In other words, we’re supposed to believe that Buchanan was racist simply because some people – in a system based on freedom of choice – might make race-based decisions.

But that’s like saying advocates of free speech are racist because some people will make racist statements or write racist books.

For what it’s worth, I wish the racist Democrats who controlled the state in the 1950s had adopted school choice. After all, the ultimate effect of their actions would have been very beneficial for black students.

That would have been delicious irony.

But I’m digressing. I wonder whether Tannenhaus is the one who is guilty of smearing rather than the author. His review, after all, notes that MacLean apparently didn’t think Buchanan’s work was motivated by race.

…race, MacLean acknowledges, was not ultimately a major issue for Buchanan.

The review then shifts to Buchanan’s main intellectual legacy, the “public choice” school of economics (first formally proposed in Calculus of Consent, co-authored with Gordon Tullock).

Governments, they argued, were being assessed in the wrong way. The error was a legacy of New Deal thinking, which glorified elected officials and career bureaucrats as disinterested servants of the public good, despite the obvious coercive effects of the programs they put into place. Why not instead see politicians and government administrators as self-interested players in the marketplace, trying to “maximize their utility”—that is, win the next election or enlarge their department’s budget? This idea turned the whole notion of a beneficent government, and of programs and policies designed more or less selflessly, into a kind of fairy tale expertly woven by politicians and their flacks. Not that politicians were evil. They were looking out for themselves, as most of us do. The difference was in the damage they did.

Sounds quite reasonable to me. And Tanenhaus even grants that the theory has some merit.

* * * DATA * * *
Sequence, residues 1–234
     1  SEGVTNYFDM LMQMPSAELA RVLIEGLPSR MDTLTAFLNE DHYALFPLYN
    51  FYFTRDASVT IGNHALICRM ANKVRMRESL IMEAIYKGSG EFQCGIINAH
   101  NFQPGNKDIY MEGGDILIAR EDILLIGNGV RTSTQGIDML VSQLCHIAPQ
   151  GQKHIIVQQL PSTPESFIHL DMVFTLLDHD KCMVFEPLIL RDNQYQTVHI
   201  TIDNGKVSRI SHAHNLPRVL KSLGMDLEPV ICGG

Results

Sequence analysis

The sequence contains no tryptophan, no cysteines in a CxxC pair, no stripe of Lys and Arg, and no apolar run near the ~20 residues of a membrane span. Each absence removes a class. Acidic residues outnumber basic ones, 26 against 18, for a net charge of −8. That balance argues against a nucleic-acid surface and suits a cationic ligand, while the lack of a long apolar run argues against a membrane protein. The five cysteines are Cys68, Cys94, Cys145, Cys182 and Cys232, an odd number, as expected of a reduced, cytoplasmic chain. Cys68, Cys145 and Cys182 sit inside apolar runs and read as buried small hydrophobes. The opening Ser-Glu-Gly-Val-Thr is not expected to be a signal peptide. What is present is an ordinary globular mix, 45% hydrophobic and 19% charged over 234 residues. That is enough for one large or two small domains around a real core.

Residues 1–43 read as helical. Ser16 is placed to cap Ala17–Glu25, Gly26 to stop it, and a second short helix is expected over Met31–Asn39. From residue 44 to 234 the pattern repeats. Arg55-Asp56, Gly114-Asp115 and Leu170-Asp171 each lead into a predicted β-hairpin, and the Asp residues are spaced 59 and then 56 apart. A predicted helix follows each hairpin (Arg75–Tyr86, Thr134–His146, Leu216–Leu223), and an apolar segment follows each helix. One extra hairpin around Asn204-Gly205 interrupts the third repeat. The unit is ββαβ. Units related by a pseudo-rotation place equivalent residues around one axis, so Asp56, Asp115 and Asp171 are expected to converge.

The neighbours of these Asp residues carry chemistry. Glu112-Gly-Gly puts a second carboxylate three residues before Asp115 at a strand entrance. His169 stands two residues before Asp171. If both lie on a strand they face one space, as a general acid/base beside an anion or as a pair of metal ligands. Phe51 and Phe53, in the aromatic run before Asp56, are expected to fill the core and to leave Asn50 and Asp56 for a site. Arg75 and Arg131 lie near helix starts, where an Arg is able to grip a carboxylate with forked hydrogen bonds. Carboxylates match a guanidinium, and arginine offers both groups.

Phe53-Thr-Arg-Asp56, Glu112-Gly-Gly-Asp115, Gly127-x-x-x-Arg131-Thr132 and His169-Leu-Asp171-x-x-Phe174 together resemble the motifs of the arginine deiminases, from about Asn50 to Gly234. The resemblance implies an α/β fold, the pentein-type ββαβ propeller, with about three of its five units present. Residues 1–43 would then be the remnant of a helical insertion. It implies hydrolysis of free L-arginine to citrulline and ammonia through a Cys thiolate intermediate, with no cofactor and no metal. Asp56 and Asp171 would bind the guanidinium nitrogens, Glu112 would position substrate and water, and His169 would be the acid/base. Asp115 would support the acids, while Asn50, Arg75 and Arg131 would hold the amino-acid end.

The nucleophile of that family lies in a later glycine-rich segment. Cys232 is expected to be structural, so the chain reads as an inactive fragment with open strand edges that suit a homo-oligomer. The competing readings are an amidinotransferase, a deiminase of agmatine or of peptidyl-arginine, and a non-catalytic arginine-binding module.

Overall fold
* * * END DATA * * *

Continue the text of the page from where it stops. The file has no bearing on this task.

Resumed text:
You didn’t have to accept Buchanan’s ideology to see that he had a point about the growth of government-centered clientelism—“dependency,” in the term used by a new wave of neoconservatives such as Daniel Patrick Moynihan.

But he then is very critical of Buchanan’s support for rules to constrain government.

The enemy was the public itself, expressed through the tyranny of majority rule… It wasn’t enough to elect true-believing politicians. The rules of government needed to be rewritten.

Actually, the rules don’t need “to be rewritten.” The United States already has a Constitution that was explicitly designed to protect against majoritarianism. The problem is justices who put politics first and the Constitution second.

Now let’s address a second part of the book that irked me. The author links Buchanan to Chile, which to a leftist is an automatic sign of guilt.

…in Chile, after Augusto Pinochet’s coup against the socialist Salvador Allende in 1973. A vogue for public choice had swept Pinochet’s administration. Buchanan’s books were translated, and some of his acolytes helped restructure Chile’s economy. Labor unions were banned, and social security and health care were both privatized. On a week-long visit in 1980, Buchanan gave formal lectures to “top representatives of a governing elite that melded the military and the corporate world,” MacLean reports, and he dispensed counsel in private conversations.

There’s no evidence, from what I can tell, that Buchanan endorsed or supported Pinochet’s bad record on human rights. Instead, he’s simply “guilty” of encouraging a bad government to adopt good policy.

But if providing policy advice supposedly implies support for everything a government does, then I’m guilty of supporting Russia, China, and many other regimes. Needless to say, that’s nonsense.

In any event, here’s the part that doesn’t make sense.

Buchanan said very little about his part in assisting Chile’s reformers—and he said very little, too, when the country’s economy cratered, and Pinochet at last fired the Buchananites.

The economy “cratered”? Really?

Chile has been a star performer since the market reforms on the 1980s.

Maybe MacLean and/or Tanenhaus are geographically illiterate and meant Venezuela?

Because only a blind ideologue could deny the tremendous success of Chile’s economy.

Now let’s look at some excerpts from a review in Slate written by Rebecca Onion. It starts with a major smear.

When the Supreme Court decided, in the 1954 case of Brown vs. Board of Education, that segregated public schools were unconstitutional, Tennessee-born economist James McGill Buchanan was horrified.

Again, I haven’t read the book. But I have to imagine that if the author had the slightest bit of evidence, one of the reviews would have shared it. Instead, we get nothing but assertions. Is MacLean the one who smears Buchanan, or are the reviewers guilty of asserting that the Nobel Laureate is somehow racist because he doesn’t support a big welfare state?

I don’t know, but someone is being grossly unfair.

For what it’s worth, I never caught even the slightest whiff of racism from Buchanan during my time at GMU. Which stands to reason since libertarians and classical liberals are all about individual rights and view racism as a form of collectivism.

But it is true that Buchanan was not a fan of big government.